Kurzcommentar Parashat Va-yehi, Genesis 47:28-50:26
In The Godfather II, winner of six Academy Awards including Best Picture in 1974), the weak older brother Fredo betrays his crime-boss brother Michael Corleone. Michael knows Fredo has set him up and confronts him. In a chilling scene Michael, kisses Fredo and declares that he forgives him.
But we know he does not. A scene at the end of the movie shows Mama Corleone lying in her coffin, and it is clear that with their mother dead Michael will order Fredo’s execution. The movie ends with Michael alone pondering who he is and who he might have been.
How different is the ending of the book of Genesis!
Joseph’s brothers throw him in a pit and sell him as a slave, but he overcomes their betrayal to rise to the position of second-only-to-Pharaoh in Egypt.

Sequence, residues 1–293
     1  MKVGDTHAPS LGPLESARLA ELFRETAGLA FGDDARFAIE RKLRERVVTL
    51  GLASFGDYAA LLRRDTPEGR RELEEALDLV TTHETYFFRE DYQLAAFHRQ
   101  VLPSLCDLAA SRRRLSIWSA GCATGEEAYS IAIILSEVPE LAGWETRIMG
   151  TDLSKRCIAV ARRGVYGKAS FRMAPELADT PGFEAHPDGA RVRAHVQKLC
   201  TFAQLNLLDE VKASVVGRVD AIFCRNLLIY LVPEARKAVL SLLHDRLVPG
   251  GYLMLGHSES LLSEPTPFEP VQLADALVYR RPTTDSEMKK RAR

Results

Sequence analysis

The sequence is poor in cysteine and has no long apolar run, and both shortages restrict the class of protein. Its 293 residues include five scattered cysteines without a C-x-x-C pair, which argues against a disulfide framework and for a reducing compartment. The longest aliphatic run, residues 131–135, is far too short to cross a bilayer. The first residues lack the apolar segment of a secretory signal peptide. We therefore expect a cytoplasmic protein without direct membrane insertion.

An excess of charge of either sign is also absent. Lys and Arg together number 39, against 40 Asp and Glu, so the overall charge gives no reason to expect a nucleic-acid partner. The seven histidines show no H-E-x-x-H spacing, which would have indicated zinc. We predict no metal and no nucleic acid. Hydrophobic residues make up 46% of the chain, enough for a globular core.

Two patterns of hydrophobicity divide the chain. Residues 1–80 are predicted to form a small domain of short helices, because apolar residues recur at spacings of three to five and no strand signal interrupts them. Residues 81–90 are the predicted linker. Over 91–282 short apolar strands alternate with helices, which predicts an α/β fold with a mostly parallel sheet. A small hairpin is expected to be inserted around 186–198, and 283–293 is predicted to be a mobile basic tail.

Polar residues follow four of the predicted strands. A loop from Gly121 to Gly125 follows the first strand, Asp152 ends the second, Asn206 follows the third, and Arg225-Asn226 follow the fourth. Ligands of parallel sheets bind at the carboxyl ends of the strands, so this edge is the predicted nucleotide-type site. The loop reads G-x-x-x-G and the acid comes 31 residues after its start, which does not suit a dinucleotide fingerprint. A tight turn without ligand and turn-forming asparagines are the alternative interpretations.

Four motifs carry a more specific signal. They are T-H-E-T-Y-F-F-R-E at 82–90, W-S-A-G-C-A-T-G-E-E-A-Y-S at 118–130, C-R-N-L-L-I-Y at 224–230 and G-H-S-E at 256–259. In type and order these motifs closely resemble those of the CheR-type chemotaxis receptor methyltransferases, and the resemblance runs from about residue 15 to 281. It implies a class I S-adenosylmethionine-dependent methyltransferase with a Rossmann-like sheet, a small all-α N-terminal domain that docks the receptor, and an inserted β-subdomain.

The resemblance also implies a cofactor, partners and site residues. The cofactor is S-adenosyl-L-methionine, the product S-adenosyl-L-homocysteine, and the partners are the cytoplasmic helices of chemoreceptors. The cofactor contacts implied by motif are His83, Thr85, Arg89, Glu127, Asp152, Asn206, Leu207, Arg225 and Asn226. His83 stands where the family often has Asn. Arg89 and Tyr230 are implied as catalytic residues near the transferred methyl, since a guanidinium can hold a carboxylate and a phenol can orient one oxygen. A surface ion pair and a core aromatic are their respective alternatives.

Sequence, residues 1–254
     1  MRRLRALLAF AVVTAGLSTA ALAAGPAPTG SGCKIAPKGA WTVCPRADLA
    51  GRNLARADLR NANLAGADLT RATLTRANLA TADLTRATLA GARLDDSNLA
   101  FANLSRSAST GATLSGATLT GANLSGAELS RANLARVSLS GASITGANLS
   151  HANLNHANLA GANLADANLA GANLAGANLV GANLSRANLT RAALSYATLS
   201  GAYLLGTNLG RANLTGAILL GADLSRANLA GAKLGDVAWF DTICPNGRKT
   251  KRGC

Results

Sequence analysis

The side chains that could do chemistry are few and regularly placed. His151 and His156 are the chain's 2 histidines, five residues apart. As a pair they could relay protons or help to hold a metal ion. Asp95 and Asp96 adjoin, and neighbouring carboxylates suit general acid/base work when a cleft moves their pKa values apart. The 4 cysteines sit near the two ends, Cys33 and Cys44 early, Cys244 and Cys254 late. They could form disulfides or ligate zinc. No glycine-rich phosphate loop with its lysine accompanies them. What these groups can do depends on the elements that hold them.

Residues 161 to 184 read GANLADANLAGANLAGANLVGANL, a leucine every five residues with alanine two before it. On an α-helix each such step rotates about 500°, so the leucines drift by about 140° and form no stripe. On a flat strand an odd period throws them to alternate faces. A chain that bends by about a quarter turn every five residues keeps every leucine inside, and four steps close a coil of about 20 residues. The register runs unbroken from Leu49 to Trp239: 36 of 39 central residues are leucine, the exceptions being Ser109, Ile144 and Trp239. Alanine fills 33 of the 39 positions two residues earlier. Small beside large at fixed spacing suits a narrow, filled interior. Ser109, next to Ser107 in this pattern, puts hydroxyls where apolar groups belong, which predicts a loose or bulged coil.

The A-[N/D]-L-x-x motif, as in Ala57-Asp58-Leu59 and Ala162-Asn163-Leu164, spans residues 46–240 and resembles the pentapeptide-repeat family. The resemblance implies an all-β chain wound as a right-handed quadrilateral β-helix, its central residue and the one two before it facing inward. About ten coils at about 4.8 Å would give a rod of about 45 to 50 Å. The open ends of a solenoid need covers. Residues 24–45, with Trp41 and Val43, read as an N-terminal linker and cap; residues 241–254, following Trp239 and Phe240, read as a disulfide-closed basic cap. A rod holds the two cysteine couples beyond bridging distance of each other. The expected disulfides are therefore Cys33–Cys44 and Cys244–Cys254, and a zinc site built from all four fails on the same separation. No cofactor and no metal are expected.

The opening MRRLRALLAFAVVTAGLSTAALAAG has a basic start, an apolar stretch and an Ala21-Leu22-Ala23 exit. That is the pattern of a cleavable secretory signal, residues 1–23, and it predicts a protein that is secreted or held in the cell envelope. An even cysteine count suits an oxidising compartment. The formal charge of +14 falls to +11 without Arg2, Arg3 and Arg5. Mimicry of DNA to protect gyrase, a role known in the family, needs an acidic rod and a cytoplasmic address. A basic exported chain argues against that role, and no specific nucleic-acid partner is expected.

Although Joseph forgave his brothers, they fear that with their father Jacob dead, Joseph will exact revenge. (Genesis 50:15)
But unlike Michael Corleone Joseph has no interest in revenge. Rather he proclaims: “Am I in place of God? Although you thought to do me evil God has turned it to good enabling me to save many people.” (Genesis 50:20)
What an amazing contrast!
The Godfather II ends with retribution, but the Book of Genesis—which begins with fratricide and details a bitter catalogue of sibling rivalries—ends with genuine forgiveness and reconciliation.
Like Genesis’ characters we suffer betrayal and deceit. We can choose to harbor resentment and anger or, we can grow through our pain and become better people.
Genesis ends with an exquisite challenge: To never lose hope that our lives have purpose and meaning and—as Joseph does–allow the Eternal One to turn the evil that befalls us to good.
2 thoughts on “Closing the Book”
You draw an interesting and surprising parallel, Stephen. Good observation!
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Thank you very much, Susan! My goal is always to find myself—and hopefully help others to find themselves—in the biblical narratives.